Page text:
Eminent Domain Bleg
I’m fairly certain that most infrastructure projects like pipelines or electrical transmission corridors would *never* get built without the government power of eminent domain.
That’s a reasonable view, and it was my view before I learned something new in the late 1970s or 1980. Now I can’t find the reference because the publication lasted only a few years and my copy was consumed in my 2007 fire.
So I have a request. The odds that someone will be able to find this publication are low, but here goes. First, the background.
In 1979 or 1980, Reason magazine or the Reason Foundation–I’ve forgotten which–started publishing a short inside-the-libertarian-movement newsletter. The newsletter was called either Frontline or Frontlines. It had an anti-Cato thrust. At the time, there was fierce rivalry and bad blood between some people at Reason and some at Cato, especially Ed Crane. Charles Koch was, at the time, a major supporter of Cato.
Someone in a Frontline article wrote a criticism of Koch Industries. The author charged Koch Industries with being unlibertarian because the company used eminent domain to build pipelines. So far, this sounds similar to what Tom West is saying.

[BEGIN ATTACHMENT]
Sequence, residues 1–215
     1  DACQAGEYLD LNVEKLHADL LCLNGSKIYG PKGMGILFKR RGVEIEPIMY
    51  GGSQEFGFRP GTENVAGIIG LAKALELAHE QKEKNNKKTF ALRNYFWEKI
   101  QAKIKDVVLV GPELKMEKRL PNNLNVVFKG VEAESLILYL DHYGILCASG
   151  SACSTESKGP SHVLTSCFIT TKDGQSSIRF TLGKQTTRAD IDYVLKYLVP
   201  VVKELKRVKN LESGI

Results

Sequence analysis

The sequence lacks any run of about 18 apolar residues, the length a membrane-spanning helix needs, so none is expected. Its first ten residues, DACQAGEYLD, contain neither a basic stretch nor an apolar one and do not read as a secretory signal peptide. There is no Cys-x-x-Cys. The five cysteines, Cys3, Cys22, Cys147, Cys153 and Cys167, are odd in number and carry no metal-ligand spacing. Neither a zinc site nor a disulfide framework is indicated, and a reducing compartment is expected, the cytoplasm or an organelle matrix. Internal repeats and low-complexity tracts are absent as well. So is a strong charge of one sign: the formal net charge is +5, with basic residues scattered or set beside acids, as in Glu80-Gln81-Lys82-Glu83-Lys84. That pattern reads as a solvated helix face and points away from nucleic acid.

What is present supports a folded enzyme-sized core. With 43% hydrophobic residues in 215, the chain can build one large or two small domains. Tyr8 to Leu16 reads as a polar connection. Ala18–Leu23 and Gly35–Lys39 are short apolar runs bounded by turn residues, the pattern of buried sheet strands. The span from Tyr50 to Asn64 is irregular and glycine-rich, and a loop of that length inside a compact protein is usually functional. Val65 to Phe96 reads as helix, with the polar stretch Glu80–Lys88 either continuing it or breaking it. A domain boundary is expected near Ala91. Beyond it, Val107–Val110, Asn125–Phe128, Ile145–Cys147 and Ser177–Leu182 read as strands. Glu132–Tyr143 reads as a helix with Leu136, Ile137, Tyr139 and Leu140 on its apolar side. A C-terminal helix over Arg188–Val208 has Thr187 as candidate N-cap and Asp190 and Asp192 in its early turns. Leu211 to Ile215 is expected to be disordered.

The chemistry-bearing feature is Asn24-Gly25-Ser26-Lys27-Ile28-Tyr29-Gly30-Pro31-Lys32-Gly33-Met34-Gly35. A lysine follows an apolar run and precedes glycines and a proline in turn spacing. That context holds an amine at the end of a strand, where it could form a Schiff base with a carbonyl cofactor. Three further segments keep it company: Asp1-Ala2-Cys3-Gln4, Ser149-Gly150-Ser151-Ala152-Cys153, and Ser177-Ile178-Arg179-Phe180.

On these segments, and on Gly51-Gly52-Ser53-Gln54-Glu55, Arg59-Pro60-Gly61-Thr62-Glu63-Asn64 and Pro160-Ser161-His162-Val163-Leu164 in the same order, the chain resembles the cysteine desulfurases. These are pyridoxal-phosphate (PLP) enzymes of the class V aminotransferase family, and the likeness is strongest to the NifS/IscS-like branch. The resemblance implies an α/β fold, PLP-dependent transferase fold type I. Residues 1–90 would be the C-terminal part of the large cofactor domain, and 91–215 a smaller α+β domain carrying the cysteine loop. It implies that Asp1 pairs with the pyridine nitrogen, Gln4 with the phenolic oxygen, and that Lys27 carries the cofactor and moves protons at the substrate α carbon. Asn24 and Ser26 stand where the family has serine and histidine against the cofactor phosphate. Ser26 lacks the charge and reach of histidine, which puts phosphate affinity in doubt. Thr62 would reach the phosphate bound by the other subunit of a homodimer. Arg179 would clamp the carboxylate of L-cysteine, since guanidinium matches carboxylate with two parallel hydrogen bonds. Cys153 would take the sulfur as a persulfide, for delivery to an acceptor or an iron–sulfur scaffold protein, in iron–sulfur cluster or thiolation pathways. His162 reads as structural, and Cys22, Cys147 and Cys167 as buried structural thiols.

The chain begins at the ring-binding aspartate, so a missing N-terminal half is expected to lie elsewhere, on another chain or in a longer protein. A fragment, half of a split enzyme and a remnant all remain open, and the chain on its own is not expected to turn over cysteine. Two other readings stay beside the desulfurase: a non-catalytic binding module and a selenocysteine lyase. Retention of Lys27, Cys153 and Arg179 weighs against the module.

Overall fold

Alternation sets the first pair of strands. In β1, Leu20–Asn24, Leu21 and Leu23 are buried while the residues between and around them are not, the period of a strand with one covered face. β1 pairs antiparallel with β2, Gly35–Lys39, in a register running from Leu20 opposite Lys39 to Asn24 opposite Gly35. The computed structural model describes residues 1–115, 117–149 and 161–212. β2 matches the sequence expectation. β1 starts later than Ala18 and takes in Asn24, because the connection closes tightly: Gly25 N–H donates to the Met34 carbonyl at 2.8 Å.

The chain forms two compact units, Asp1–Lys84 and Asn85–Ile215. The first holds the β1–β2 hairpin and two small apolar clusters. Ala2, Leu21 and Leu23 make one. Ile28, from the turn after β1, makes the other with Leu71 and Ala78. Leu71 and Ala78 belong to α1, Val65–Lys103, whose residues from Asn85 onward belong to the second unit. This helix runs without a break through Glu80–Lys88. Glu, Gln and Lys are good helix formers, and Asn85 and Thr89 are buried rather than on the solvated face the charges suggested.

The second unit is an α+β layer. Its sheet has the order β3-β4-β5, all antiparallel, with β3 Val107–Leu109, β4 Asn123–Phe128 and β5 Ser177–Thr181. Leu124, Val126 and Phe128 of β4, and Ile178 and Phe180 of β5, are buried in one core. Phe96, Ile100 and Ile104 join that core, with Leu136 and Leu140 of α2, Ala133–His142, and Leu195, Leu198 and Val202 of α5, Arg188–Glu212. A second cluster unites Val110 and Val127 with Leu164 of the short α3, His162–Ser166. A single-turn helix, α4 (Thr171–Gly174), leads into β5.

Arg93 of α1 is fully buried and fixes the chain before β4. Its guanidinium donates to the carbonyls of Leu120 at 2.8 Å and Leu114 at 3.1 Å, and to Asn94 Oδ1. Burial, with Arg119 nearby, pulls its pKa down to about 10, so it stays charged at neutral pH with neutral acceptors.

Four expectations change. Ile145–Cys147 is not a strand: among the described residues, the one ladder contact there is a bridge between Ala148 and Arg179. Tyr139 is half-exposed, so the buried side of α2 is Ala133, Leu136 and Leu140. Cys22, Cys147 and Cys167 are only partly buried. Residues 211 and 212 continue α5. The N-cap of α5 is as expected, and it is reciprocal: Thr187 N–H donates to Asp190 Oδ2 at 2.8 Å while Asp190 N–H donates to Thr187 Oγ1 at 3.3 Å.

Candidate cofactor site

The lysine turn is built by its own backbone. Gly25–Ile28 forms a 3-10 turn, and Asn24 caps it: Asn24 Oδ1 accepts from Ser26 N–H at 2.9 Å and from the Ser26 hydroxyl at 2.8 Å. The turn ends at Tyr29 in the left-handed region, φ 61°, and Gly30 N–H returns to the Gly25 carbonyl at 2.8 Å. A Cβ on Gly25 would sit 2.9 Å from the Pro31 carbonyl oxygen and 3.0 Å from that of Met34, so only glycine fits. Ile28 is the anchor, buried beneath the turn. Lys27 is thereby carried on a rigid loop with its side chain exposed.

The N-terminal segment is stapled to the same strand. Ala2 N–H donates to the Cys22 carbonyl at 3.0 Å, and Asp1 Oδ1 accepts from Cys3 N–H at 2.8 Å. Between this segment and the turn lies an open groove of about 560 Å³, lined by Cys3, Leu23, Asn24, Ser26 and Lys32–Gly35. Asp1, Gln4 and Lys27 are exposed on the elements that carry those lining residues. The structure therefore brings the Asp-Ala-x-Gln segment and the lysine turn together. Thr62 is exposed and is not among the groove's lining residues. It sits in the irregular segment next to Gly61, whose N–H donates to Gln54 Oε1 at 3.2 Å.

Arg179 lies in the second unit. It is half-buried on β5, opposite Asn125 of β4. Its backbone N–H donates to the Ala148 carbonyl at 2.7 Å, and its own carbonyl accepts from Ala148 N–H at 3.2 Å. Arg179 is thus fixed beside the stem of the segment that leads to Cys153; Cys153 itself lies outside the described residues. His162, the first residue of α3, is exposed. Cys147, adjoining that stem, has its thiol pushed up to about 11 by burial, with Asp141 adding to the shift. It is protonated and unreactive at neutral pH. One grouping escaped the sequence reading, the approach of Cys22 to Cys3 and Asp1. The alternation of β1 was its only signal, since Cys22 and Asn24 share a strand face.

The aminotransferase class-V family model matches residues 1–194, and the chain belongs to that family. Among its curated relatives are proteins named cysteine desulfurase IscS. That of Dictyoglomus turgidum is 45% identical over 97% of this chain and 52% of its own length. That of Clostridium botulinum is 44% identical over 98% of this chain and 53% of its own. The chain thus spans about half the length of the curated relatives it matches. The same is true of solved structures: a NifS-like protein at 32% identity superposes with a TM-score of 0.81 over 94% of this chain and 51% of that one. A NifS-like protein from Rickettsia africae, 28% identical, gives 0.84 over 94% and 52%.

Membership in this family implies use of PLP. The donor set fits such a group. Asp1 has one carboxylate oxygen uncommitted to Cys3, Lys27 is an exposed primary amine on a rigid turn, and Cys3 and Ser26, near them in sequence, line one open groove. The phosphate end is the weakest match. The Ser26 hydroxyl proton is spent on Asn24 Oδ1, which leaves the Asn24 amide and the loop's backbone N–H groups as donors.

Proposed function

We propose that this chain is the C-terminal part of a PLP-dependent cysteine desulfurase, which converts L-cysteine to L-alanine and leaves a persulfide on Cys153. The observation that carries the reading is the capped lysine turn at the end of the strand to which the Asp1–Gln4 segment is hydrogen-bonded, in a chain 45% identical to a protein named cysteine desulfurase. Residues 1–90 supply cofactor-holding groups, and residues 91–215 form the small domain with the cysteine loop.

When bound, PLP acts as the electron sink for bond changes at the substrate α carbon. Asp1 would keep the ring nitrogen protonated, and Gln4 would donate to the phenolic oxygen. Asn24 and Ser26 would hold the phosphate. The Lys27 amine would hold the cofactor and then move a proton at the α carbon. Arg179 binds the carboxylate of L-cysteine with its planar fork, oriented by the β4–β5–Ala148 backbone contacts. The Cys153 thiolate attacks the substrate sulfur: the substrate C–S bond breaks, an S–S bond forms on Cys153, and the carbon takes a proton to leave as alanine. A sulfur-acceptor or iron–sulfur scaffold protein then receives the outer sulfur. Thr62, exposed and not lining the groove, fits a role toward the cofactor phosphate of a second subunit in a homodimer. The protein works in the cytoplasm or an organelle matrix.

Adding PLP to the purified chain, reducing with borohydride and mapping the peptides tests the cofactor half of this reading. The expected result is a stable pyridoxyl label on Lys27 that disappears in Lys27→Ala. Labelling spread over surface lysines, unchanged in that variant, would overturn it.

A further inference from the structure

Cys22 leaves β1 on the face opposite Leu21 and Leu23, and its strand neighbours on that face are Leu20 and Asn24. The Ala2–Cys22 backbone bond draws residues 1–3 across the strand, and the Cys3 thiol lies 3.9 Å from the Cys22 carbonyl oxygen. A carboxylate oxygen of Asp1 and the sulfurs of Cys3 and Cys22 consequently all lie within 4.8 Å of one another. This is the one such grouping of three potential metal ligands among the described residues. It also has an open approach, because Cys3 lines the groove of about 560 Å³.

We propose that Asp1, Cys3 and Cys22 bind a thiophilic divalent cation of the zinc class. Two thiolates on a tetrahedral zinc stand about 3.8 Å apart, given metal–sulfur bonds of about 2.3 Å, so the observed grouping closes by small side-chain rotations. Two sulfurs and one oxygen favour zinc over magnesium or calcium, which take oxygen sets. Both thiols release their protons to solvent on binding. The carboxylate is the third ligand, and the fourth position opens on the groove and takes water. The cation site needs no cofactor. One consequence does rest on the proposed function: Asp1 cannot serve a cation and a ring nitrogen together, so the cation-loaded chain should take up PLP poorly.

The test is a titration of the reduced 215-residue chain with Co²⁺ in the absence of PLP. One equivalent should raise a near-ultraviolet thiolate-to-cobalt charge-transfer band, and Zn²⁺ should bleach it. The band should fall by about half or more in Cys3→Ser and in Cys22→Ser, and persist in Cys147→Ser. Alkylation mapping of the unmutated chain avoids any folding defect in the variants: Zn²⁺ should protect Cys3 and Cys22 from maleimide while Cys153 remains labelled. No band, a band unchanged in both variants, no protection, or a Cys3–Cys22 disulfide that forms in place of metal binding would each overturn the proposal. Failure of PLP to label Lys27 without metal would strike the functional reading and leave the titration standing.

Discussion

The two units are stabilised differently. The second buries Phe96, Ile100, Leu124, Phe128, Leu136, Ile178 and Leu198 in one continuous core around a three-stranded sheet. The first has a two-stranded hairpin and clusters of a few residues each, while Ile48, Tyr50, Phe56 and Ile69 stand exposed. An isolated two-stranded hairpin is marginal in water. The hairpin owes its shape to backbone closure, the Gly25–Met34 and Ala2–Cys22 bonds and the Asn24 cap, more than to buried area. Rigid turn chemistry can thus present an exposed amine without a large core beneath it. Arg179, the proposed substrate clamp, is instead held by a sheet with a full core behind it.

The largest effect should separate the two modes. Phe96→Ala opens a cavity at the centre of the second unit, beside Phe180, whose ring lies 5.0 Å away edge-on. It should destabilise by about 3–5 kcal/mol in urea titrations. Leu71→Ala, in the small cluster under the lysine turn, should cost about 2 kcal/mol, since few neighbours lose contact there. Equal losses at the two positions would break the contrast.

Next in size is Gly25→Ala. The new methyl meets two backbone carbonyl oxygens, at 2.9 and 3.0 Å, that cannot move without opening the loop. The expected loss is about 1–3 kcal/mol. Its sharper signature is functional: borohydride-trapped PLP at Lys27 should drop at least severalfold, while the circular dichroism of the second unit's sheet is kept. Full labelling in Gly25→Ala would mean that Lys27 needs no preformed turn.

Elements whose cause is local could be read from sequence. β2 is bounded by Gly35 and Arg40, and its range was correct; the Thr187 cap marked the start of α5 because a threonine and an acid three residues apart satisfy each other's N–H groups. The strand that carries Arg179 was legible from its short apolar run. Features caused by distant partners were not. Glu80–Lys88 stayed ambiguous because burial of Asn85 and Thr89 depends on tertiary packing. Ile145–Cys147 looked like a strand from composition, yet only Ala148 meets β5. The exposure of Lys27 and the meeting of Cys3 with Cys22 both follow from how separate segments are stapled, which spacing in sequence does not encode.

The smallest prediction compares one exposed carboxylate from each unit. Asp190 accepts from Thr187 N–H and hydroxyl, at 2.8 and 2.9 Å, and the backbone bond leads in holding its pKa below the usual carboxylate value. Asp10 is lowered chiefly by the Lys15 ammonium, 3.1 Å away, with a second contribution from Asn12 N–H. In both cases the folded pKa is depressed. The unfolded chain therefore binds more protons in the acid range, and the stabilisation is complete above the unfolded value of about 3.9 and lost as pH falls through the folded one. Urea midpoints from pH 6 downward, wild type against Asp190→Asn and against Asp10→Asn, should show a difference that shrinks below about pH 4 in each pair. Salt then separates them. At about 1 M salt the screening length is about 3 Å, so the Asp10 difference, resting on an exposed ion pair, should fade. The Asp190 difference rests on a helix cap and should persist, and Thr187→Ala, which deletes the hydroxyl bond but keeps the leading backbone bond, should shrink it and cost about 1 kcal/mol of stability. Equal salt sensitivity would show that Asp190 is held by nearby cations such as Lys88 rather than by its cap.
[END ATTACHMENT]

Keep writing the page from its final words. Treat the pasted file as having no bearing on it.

But then, an issue or two later, if I recall correctly, Charles Koch wrote a response saying, basically, yes, we do use eminent domain and yes, that is unlibertarian. But he went on to point out that Koch Industries had traditionally been successful at building pipelines without using eminent domain. My memory is sketchy here, but I think Charles said that some government, I think the feds, had made it hard with disclosure regulation for companies that wanted to build pipelines to conceal their intent. Concealment is crucial because of the holdout problem. To take a numerical example, if the value of a pipeline, in excess of construction cost (not including acquisition of right-of-way) is $100 million, and there are 1,000 properties whose owners would each be willing to sell their right of way for $80K, there is a $20 million surplus to play with. And the margin could easily be slimmer. So if people on the path find out in advance, many of them will be holdouts who try to get a lot of the surplus. If enough people do this, the deal won’t happen, even though, in this hypothetical, it would be in everyone’s interest for the rights of way to be granted.
So here’s my question: Am I remembering correctly? And my bleg: does someone have a copy of the original article and Charles Koch’s response, a copy that he/she is willing to share?